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California Republican Kevin McCarthy again fails to get the votes to become speaker


For the second day, California Republican Kevin McCarthy has failed to get the votes he needs to become speaker of the House. Even before the session started today, McCarthy admitted it might not happen today, but he insisted he will eventually prevail.


KEVIN MCCARTHY: We're going to continue to talk. We'll find an agreement where we all get together. And we'll work through this, and we'll get it done.

KELLY: We'll see. And meanwhile, the twists and turns playing out on the floor have brought the House to a standstill. They can't start a new session. Members can't be sworn in until a speaker is elected. Here with the latest from the Capitol, NPR congressional correspondent Deirdre Walsh. Hey there.


KELLY: Hey. So I've been keeping watch all day. The votes are not changing. Nobody is budging. Has McCarthy made any progress, or does this just keep going?

WALSH: You're right. I mean, as the last round of voting began, Florida Republican Congresswoman Kat Cammack, who stood up to nominate McCarthy for the sixth ballot, started her remarks saying it's "Groundhog Day" again. McCarthy really isn't making any progress. There is still a group of 20 Republicans who are voting against him. Republicans only hold a four-seat majority right now, so McCarthy can't afford to lose more than a few defections. Before - beyond the 20 opponents, there was another member, Indiana Republican Victoria Spartz, who had been voting for McCarthy but voted present today. So things have been sort of trending away from McCarthy. The group opposing Kevin McCarthy got behind a new candidate today, Florida Congressman Byron Donalds, who is Black. He was first elected just two years ago. Texas Congressman Chip Roy, who nominated him, pointed out he could become the first Black speaker. But Donalds just got 20 votes, and he actually admitted he wasn't really planning to run, but he was trying to move forward the effort to try to get Republicans to a consensus.


BYRON DONALDS: Part of my responsibility is to make sure that our conference gets to a point where we are doing the things in an effective and construction - constructive way - excuse me - that we campaigned on back home.


DONALDS: So I'm going to help do that any way I can.

KELLY: You can hear just what - quite what a day y'all are having there on Capitol Hill there. Are we learning any more, Deirdre, about what McCarthy's opponents want?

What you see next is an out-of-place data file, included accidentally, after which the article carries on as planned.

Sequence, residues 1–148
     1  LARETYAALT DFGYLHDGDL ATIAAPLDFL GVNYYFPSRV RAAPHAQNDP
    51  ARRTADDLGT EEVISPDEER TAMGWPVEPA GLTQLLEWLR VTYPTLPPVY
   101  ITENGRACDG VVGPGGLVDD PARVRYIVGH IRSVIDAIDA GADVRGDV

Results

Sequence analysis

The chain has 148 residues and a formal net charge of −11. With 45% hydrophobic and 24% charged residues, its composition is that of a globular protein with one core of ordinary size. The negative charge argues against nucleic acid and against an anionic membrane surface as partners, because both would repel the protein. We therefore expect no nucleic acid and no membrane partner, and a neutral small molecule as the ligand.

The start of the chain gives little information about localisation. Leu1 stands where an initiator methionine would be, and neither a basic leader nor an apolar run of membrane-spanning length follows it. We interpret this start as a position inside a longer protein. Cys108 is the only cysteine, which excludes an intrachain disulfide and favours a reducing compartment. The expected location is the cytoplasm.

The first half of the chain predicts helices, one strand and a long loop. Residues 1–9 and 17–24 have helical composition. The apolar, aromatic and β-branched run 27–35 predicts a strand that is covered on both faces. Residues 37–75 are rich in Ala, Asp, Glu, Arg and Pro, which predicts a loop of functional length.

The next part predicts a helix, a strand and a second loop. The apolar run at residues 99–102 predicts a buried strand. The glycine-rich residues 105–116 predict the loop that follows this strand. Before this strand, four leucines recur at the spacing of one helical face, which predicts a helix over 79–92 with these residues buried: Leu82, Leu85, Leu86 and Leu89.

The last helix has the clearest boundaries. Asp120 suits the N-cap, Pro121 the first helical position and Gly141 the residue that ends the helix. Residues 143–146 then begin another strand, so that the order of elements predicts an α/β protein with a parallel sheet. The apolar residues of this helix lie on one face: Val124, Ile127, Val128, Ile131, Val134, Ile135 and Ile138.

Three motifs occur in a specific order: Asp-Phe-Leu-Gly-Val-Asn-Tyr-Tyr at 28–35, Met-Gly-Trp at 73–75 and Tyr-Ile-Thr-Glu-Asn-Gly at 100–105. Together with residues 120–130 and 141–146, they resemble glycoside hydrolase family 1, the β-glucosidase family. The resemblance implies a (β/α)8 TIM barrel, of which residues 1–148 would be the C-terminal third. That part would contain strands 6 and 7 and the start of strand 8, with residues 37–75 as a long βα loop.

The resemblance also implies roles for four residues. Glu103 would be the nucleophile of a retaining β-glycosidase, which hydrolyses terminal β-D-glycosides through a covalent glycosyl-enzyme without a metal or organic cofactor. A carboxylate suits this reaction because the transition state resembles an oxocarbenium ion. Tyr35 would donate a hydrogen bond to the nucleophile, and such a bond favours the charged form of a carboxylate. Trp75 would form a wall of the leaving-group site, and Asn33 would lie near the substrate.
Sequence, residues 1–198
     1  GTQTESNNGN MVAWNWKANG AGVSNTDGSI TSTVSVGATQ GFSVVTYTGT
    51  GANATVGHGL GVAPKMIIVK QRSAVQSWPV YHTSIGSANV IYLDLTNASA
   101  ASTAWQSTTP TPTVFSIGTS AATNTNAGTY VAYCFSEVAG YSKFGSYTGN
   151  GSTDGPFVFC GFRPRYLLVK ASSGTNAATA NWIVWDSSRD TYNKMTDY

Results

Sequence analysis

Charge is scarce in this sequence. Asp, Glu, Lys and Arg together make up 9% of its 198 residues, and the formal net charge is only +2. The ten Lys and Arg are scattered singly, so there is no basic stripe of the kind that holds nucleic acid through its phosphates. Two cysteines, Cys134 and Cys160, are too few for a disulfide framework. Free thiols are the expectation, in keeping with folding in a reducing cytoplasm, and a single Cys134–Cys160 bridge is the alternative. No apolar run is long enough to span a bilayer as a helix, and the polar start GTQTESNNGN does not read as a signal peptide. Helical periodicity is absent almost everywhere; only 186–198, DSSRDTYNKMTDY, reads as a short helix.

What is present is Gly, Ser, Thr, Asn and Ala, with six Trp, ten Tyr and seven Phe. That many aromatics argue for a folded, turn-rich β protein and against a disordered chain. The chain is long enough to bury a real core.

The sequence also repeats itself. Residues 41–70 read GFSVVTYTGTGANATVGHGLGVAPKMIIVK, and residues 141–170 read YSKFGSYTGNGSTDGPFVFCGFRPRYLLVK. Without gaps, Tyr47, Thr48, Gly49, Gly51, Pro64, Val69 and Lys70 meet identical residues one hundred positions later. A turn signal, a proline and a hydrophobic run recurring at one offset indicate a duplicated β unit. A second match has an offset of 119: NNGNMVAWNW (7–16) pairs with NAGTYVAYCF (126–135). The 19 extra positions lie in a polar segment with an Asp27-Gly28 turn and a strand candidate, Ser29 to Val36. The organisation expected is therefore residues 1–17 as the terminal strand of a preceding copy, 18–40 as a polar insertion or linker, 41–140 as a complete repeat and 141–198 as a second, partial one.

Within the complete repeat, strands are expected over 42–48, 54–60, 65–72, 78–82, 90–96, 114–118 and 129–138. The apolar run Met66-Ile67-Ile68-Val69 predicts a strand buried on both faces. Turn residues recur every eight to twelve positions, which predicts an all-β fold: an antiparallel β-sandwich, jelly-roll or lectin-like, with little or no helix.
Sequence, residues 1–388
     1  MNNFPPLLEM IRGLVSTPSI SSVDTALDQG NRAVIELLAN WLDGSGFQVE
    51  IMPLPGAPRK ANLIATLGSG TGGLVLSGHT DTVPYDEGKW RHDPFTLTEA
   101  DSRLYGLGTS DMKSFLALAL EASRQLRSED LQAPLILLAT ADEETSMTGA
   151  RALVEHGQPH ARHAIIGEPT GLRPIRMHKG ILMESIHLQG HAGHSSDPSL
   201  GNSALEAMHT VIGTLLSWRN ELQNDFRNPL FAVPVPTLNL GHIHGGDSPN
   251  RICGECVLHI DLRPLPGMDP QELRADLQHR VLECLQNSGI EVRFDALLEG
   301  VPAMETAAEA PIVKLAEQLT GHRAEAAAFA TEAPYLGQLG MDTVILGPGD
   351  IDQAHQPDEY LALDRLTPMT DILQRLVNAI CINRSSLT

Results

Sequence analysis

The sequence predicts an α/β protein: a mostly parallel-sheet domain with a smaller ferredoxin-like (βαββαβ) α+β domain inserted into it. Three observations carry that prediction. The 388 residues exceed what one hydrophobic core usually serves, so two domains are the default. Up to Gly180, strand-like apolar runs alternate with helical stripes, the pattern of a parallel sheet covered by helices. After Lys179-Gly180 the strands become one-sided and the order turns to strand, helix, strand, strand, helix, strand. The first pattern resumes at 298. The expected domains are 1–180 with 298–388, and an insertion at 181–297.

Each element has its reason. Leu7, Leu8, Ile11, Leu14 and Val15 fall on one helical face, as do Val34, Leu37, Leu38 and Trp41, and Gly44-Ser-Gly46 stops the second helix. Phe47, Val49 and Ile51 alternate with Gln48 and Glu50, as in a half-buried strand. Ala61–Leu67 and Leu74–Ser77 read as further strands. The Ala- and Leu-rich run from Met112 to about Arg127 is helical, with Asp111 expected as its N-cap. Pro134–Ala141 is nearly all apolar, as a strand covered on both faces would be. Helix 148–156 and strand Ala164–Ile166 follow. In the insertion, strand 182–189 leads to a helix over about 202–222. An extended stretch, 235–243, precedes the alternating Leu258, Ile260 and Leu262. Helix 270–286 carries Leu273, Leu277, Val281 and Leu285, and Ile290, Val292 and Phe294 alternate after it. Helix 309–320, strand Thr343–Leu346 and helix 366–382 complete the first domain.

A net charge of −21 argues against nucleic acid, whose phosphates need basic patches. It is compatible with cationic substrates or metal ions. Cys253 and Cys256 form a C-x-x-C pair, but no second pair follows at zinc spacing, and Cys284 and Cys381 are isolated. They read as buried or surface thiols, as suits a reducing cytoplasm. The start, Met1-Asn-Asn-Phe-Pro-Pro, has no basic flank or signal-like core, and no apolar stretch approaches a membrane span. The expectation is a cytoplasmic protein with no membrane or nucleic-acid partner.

WALSH: That's been the complaint from McCarthy's allies. They don't really say specifically. I talked to one of them, South Carolina Republican Ralph Norman, who says he's sticking together. He says it's not personal. The group is sticking together, but he doesn't think McCarthy is a true fiscal conservative. He told me he wants McCarthy to agree and insist on major federal spending cuts or force a government shutdown this fall.

RALPH NORMAN: I want to know - here's my question. If next September, if we're faced with another crisis and either raise the debt ceiling or shut the government down, will you shut the government down? If he says, no, I'm out. I'm out. He's got to do that.

WALSH: Norman even acknowledged that with divided government, the cuts that he and other conservatives are pushing for can't even get through. But he argued the country is facing a crisis, and he wants to push back. Democrats, as you know, have been warning when Republicans took over the House, there could be this standoff over spending and the credit limit, and they're worried about the impact on the economy if that happens.

KELLY: Well, are there talks going on? Are there efforts to break the logjam?

WALSH: There are starting to be more talks. A McCarthy aide said there's been a group that's been sort of reaching out. I've been watching inside the chamber, and there's all kinds of really intense huddles in different groups around the floor throughout the day. But we may be reaching a point where some members are starting to say out loud that McCarthy may need to step aside. Colorado Republican Ken Buck said in an interview on CNN he could reach his limit, and they may need to turn to someone else. It's unclear who that would be; maybe McCarthy's No. 2, Steve Scalise from Louisiana. But the House is in a adjournment period for a couple hours now. So the closed-door discussions will just keep continuing.

KELLY: NPR's Deirdre Walsh, thank you.

WALSH: Thank you. Transcript provided by NPR, Copyright NPR.

Deirdre Walsh is the congress editor for NPR's Washington Desk.
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